The "Spetsmashtrest" plan assigned the production of 510 vehicles to HPZ in the first half of 1936.
Only 425 tanks were produced in this time. ABTU accepted only 271 of these tanks. More specifically: out of the 100 tanks prepared in January, ABTU accepted 60, from 115 in February, ABTU accepted 99, out of 95 from March, 81, out of 51 in April, 25, out of 48 in May, none, out of 16 in June, 6.
The main problem is the low quality of a number of components in BT-7 tanks, reducing their combat quality. This is mainly caused by the design of the BT-7 using several components from the BT-5, which the factory transferred without consideration for the increased engine power and vehicle weight.
Data in our possession indicates that the chief of the tank design bureau at HPZ, engineer Firsov, removed himself from regulating work on this tank. All of Firsov's work was transferred to his assistant, Granberg, who had no experience in tank building, and did not make correct technical decisions in the design and construction of the BT-7.
The following defects of BT-7 tanks have been established:
- Incorrect assembly of the gearbox, resulting in mass breakage of the gears.
- The dust filter is inadequate. After 30-40 hours, the engine ceases working, due to dust in the cylinders and cylinder rings.
- Installing and removing the batteries is difficult. Instead of the required 8 minutes, it takes up to 2 hours.
- The removal of water from the radiators is inconvenient, plus it is impossible to purge all oil from the oil system.
- There are many cases of shorts in the electrical systems, increasing the chance of fire in the tank.
- Tracks are useful for 700-800 kilometers. According to the warranty negotiated with the RKKA, they should be functional for 2000 kilometers.
- Additionally, after 100 km, the track is loose and hangs on the wheels, slides off, and does not allow the tank to move normally.
- After ballistics tests of a 1935 hull and turret, it was deemed that the rivets are not bulletproof. A part of them was knocked out, the gas tank was penetrated, as were the hinges on the driver's hatch.
- Only one defect from other factories is worthy of attention: the use of ball bearings #6217 and #6411 from the 2nd State Ball Bearing Factory in gearboxes and gear change brackets. These ball bearings, due to metal quality and poor thermal conditioning, cannot be used on tanks. All ball bearings on tanks at HPZ were replaced, but the tanks in the army still contain 2nd GPZ ball bearings.
- Rapid wearing of the engine components due to a poor dust filter.
- The rollers on the gearbox bend and vibrate during operation.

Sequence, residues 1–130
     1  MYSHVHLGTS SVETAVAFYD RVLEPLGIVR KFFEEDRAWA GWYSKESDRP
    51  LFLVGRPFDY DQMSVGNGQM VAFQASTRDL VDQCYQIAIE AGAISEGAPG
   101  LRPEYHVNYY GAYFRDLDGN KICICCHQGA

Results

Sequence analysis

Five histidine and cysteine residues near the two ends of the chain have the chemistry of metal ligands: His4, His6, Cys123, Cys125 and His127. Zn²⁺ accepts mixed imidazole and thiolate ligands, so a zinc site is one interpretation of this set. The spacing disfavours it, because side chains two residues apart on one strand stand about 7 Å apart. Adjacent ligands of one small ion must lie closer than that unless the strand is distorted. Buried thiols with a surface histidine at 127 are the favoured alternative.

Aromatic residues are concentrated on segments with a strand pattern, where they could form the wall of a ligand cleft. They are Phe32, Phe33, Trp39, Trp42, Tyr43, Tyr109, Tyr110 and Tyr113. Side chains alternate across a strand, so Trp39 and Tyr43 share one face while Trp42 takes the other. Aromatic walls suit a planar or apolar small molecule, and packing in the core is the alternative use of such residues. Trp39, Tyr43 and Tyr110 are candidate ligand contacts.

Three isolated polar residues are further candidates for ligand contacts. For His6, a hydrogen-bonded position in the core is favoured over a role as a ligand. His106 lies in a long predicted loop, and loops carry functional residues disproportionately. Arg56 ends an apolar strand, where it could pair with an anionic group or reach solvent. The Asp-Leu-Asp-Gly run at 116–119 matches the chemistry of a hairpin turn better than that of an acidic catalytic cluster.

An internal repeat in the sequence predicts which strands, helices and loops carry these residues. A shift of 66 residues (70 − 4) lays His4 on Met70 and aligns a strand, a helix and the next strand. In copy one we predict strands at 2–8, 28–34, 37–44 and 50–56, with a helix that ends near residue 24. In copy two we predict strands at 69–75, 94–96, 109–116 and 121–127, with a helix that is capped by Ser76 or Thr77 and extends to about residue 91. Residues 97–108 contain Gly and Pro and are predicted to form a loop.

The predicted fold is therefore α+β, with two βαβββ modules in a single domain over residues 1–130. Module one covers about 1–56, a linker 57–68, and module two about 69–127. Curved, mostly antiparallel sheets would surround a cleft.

- The final drives leak. It is necessary to redesign the final drives.
As for the issues communicated by comrades Gai and Mazo, we consider it necessary to report the following:
Gearbox: in April of 1936, it was determined that the conical gears of the gearbox are destroyed before the warranty period expires when operating on tracks. When this was discovered, HPZ immediately stopped sending tanks, and tested 13 tanks on tracks. 7 tanks did not manage the warranty period, only making it 500-700 km on tracks. These trials demonstrated that the cause of these breakdowns is the increased momentum of the M-17 engine when compared to the Liberty engine.
HPZ used all possible resources to make 9 design changes to the gearbox, increasing its strength 2-2.5 times compared to the May production gearbox.
At the same time, in order to increase the warranty period, according to the professor of the Academy of Motorization comrade Stepanov, the factory decreased the momentum of the M-17 engine from 280 kg-m to 220 kg-m.
Four BT-7 tanks with reinforced gearboxes and 220 kg-m moments were tested at great length by the factory and ABTU. Trials were performed in most difficult conditions for the gearbox, exclusively on tracks (the wheel load on the gearbox is 2-3 times lighter). Even in these conditions, the two first tanks travelled 1400 km, and the second two, 2000-2500 km. These trials convinced ABTU of the combat ability of the fast convertible drive BT-7 tank with the reinforced gearbox, which is capable of providing 2000 km of service, of those 1300 on tracks, which is acceptable by standards set by ABTU for 1936.
As for the history of the BT-7's development, we report that as of January 15th, 1935, the factory and ABTU completed an experimental BT-7 tank, that had an identical gearbox to the BT-5. That tank travelled 1100 km on tracks and 1300 km on wheels. A second identical prototype was tested by ABTU on an obstacle course.
- The conical pair component must be altered according to blueprint #08-S23.
- Produce an experimental prototype of a further reinforced version of this component, according to diagram #P-11-1"
- An increased number of retention bolts, from 10 to 12, with an increased diameter of their location (110 mm to 135 mm).
- The roller clamps are reinforced, 17 mm from 13 mm.
- The gear clamps are reinforced, from 13 mm to 11 mm.